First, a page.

Rating this is difficult because there are positives and negatives. I watched the course and enjoyed it, but there isn't enough information and education to validate purchasing it. For a graphic designer or someone who knows typography and wants to have a fun challenge around hand drawn lettering, it's fine. However, it's not a course for absolute beginners because the presenter speaks about typographic principles and assumes the audience knows the names of the parts of type when giving directions and doesn't provide enough explanations. There is no history given as to why letterforms are drawn the way they are, whether as traditional hand lettering, calligraphy or even in sign painting, other than the passing recommendation for viewers to research this. All of the comments here are correct. I too was surprised to see the F-word in a featured piece and the lack of contrast when watching her draw was a problem. CreativeLive needs to vet new presenters and perhaps have them do a dry-run of the lessons to critique them. Additionally, her"umms", "super" and "super fun" fillers are tiresome. I think the presenter is talented and has a lot to offer but this felt more like a design challenge rather than an educational course. It would have been useful to primarily show professional applications rather than so many self-directed projects. There is another hand lettering /calligraphy course I watched part of previously that was a better "101" course, to which this course would be an appropriate follow-up.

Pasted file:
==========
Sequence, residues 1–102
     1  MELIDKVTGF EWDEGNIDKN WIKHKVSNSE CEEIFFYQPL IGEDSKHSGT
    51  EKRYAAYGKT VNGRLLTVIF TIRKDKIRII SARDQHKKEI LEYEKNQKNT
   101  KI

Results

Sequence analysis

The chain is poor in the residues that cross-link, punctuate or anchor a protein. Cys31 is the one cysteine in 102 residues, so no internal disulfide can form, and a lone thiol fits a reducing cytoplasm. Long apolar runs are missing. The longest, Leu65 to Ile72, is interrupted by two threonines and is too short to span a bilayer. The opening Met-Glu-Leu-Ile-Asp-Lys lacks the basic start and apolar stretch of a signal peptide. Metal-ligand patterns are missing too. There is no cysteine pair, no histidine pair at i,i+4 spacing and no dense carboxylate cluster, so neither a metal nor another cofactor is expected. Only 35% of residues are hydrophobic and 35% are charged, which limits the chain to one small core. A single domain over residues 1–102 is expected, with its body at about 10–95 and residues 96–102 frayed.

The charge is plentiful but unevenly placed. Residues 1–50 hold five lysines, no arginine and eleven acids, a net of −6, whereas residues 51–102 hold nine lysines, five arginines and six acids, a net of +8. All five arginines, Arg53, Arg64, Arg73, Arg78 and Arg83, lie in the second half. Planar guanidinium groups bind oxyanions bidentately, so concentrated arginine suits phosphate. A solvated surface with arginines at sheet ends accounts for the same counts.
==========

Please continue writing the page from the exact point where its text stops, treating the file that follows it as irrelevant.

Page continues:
This class was exactly what I needed to re-gain confidence in hand lettering. I majored in illustration 10+ years ago and while I did take a typography class in school, it's been many years and I was feeling rusty and nervous about hand lettering. This class refreshed my memory on various typography principles and gave me ideas on various styles I can reference to create my own lettering. I love the format where I can watch her example and then try it for myself - it's like training wheels and works perfectly for me as a visual learner. Annica is obviously a pro at what she does and she's also really good at explaining what she's doing and why. I am really happy with this class and thankful to Annica for sharing her knowledge and experience.